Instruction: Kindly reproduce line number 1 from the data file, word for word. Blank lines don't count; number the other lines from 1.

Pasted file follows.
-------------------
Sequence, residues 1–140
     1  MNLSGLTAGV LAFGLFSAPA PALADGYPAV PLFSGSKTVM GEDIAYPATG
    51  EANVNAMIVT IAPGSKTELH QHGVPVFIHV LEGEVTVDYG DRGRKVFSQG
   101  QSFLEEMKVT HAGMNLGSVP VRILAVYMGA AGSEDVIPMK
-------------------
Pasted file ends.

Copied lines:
Sequence, residues 1–140